13 miles walking the southern rim of the Grand Canyon today was brilliant fun. Saw deer, chipmunks, elk (given I've been known to do huge detours because of cows, walking past Elks with their big antlers did not please me!) lizards, condors, and a tarantula having a stroll himself at Hermits Rest
Everyone knows what it looks like so I won't bother trying to describe it but we were both very impressed and what would normally have taken us 3 hours took most of the day due to gawping stops.
We've read up on all the rangers advice around wildlife:
- Don't antagonise the Elks as they're particularly aggressive in Sept/Oct (no elaboration as to what aggravates an elk)
- Most snakebites are down to people trying to handle them .. wtf?! Darwinism at best surely. If you're stupid enough to handle a rattlesnake you have no place here.
- Careful where you put your hands as scorpions are the same colour as the rocks. They will also climb into your pockets/bags/sleeping bags for warmth.
- Altitude makes you a bit mad so don't wander off the trails on your own.
That and posters telling you how many people have been rescued from 'the depths of the canyon' each year could give the idea they don't want people getting out the tour buses. With that in mind we're descending into the basin tomorrow - not the whole way down, about 3000ft. Neither of us have ever a hiked at altitude so playing it safe for this route. And so to bed (soon), early to rise and face the elks, scorpions, spiders and snakes....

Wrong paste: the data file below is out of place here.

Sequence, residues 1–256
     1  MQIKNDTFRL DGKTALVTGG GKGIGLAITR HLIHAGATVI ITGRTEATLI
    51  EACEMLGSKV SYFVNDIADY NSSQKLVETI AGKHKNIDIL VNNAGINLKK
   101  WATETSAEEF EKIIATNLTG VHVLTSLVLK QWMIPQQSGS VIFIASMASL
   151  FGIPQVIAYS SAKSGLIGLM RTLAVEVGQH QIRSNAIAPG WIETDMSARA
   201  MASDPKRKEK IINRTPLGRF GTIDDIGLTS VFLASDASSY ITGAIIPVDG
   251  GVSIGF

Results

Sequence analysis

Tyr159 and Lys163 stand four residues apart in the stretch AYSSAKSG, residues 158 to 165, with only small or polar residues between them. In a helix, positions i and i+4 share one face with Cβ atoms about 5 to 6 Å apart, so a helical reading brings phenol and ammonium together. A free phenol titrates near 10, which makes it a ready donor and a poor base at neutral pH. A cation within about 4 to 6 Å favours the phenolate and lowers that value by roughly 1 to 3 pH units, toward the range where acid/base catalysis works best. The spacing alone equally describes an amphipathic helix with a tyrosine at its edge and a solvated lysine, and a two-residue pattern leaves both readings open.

Hiked the Bright Angel trail down to Plateau point & back today. Avoided any of the aforementioned creatures, in fact saw nothing more than ravens & lizards (and a few cheeky squirrels trying to break into some monks' backpacks). Round trip was exhausting but well worth it. In the basin the temperature is up to 30 degrees (f) hotter than on the rim, it's completely silent & incredibly beautiful. Not until we got to Plateau Point can you hear anything other than the occasional cricket & bird, at the Point you can see & hear the rapids in the Colorado river below. Not sure our photos really do it justice but being in the canyon gives a very different perspective.
The climb back up was ok for the first few hours but the last 1000ft was a killer. Lactic acid on overdrive, lung capacity started to feel like they were running on 50%, and I (G) got a pounding headache like my skull was too small for the contents!
Whole trip took us about 7 hours (not the 9-12 hours the scaremongering advice in the ranger centre said) & so far has been the highlight of our trip.
Back to the motel for a glamorous night of laundry & burritos before crashing out in a leg-twitching exhausted heap.
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